We can be somewhat lacking when it comes to talking about loss and grief in modern life. Our positive psychology culture means there can be a pressure to portray a stiff upper lip, rather than admit to being in pain. Various religions do have extended periods of mourning, yet on the whole modern society expects us to put on a brave face and just get on with it.

All grief is raw, often in proportion to the depth of love felt. People don’t ‘get over’ grief, at best they very gradually learn to somehow live with the loss and build a meaningful life around it.

What follows is not to minimise anyone’s experience of loss, but merely to clarify the added complexity that may be being experienced in the current climate for those who are grieving.

Many tens of thousands of people have died during this period, either directly or indirectly due to the virus, as well as in different more ‘normal’ or unrelated tragic circumstances. Yet in many cases, if these deaths happened in hospitals or care homes, loved ones were unable to be there to comfort their relatives in their dying weeks, days or even hours.

For dying alone to be normalised, as if it were a small matter, is unacceptable and dehumanising. In the panic of the early days of the crisis this was clearly a temporary, terrible compromise. Yet we need to acknowledge the impact this may have had on those who we know are grieving (as well as those health and care workers who stepped in again and again so incredibly bravely and selflessly to replace family).

A sense of unreality

Pre the Covid pandemic, there have always been circumstances where people were unable to be with loved ones as they passed away - in the case of war, tragic accidents, sudden death, terrorist attacks and fires. During lockdown, this situation was experienced over and over again no matter the cause of death. Being with a loved one as they are dying, as harrowing as this may be, provides a chance to psychologically adapt at some level to the impending loss. Not being able to be with a person when they pass away can lead to a sense of unreality, and grief can remain suspended in disbelief.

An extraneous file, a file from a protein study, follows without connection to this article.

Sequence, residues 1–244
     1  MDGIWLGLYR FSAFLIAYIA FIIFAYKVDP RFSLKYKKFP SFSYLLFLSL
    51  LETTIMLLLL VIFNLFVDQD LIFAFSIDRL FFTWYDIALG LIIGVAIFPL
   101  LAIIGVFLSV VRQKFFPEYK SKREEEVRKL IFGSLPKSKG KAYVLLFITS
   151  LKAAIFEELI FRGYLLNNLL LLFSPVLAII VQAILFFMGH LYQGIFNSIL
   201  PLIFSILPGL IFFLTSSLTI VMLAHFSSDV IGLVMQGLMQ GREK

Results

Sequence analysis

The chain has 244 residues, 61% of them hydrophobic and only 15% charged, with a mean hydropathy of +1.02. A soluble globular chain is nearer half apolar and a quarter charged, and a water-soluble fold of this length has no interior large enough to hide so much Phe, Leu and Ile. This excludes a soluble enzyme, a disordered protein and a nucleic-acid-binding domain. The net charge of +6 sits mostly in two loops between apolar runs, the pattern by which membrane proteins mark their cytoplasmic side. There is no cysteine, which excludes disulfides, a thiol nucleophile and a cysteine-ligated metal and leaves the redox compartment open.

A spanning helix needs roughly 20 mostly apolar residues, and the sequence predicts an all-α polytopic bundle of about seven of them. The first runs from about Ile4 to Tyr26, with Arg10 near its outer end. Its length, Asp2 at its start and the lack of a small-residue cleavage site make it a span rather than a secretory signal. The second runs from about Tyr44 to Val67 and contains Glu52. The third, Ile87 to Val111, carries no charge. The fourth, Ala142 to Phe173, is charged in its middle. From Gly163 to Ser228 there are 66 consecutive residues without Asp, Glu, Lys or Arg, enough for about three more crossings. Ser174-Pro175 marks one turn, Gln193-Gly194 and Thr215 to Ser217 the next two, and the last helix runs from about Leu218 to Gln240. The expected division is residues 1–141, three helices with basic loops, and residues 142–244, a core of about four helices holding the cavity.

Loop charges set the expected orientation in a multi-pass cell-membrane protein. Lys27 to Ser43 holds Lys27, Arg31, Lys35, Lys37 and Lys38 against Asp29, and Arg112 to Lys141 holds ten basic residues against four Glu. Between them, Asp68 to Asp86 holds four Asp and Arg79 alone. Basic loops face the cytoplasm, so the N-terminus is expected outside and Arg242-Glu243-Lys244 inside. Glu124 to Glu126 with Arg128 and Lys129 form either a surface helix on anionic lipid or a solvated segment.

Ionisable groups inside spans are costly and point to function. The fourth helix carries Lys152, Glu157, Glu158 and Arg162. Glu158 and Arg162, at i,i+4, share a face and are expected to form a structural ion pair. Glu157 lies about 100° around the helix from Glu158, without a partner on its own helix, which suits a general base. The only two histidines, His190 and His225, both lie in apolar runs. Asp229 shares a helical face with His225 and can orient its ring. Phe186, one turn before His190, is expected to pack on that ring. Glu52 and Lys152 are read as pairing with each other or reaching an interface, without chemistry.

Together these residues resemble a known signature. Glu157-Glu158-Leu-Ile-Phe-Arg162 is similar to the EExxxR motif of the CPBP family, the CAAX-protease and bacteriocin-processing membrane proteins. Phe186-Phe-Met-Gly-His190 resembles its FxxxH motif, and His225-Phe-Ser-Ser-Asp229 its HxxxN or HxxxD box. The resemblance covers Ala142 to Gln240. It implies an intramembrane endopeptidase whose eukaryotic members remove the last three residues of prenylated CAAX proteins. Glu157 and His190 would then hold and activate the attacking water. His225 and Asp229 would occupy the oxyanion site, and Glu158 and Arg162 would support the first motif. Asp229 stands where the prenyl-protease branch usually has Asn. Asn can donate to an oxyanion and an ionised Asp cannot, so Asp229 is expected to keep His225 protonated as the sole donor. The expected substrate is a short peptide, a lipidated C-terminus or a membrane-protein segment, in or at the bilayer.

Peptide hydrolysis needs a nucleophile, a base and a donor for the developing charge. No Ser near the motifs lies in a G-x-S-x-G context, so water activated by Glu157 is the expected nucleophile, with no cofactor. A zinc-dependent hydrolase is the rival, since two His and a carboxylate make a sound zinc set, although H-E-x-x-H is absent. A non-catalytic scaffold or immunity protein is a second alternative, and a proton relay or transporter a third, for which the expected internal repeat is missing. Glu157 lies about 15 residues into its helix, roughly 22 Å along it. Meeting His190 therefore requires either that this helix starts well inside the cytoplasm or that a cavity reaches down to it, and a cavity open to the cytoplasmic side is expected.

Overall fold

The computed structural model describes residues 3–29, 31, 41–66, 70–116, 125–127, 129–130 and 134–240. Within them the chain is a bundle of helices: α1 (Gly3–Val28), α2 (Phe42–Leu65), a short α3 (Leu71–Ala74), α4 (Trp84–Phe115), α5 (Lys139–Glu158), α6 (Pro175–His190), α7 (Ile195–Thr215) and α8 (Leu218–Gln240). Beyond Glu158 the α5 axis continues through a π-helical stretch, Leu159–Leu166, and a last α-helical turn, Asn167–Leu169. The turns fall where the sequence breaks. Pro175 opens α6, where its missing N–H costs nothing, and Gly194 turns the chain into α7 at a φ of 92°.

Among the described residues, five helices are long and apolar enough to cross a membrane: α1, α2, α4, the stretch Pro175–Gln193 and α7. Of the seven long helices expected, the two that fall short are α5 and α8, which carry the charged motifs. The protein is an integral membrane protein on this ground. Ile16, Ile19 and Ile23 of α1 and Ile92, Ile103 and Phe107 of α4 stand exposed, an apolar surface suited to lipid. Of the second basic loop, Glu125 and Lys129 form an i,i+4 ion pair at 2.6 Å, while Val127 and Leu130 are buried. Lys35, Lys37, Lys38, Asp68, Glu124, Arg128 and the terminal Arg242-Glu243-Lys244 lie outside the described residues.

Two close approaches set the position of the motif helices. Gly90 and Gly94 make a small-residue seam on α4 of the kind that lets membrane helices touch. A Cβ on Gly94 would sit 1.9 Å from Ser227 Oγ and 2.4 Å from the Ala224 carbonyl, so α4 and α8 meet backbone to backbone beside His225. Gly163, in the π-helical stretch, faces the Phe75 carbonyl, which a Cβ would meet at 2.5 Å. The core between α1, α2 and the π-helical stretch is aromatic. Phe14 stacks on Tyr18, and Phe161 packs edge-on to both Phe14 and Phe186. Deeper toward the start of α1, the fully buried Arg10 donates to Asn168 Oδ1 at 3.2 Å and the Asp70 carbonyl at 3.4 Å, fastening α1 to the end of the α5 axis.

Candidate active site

To add to this, in most cases the usual mourning rituals were cut back to a minimum, with little or no opportunity to be comforted by family and friends in a normal way. How people cope with grief has been shown to be dependent on the support systems they have around them, and again these have sometimes been denied or at least curtailed. (Although some people have said that this very private personal mourning has been comforting).

When a person is grieving, they often describe feeling unmoored, as if they are being tossed around on stormy seas. But they may find some small comfort in the normal rituals of everyday life, and have micro moments of calm before the next wave inevitably comes crashing over.

Broader uncertainty

The complication now is that personal grief sits upon a layer of the broader uncertainty that the Covid crisis has visited on society as a whole. The normality of everyday life is no longer there as a soothing backdrop. The fear and confusion experienced in the face of loss is being reflected back from outside, adding to the sense of discombobulation. Whether you experienced loss during Covid, or you came into the pandemic carrying grief, the combination of loss and lockdown, with all its associated isolation and endings, created a potent cocktail of emotions.

Many people will be familiar with the Kubler Ross Five stages of grief model - denial, anger, bargaining, depression and acceptance. These were never intended to be linear or prescriptive, but they can provide some reassurance for mourners that they are not going mad as they lurch from one emotion to the other and back again. Now, even as people mourn individual losses, they are at the same time being buffeted back and forth through these stages in relation to life in general.

In short, this is grief with the volume turned up.

It’s not useful to tell someone how to mourn. It’s vital to find one’s own way through. But it’s important to acknowledge that the broader situation we find ourselves in during this pandemic, means that any grief is likely to be more complicated.

Do talk about what you are experiencing, whether that be with family, friends, a bereavement group or a grief counsellor. Try to look after yourself no matter how low your motivation is, keeping a degree of structure to your day. Some exercise will help, preferably outdoors. Give in to exhaustion and rest when you can. Writing your feelings down is therapeutic and you may be able to share this later with others in order to help them make sense of their own experience. None of these things will take away the pain, but they may help in making some sense of the myriad of emotions a mourner will be facing.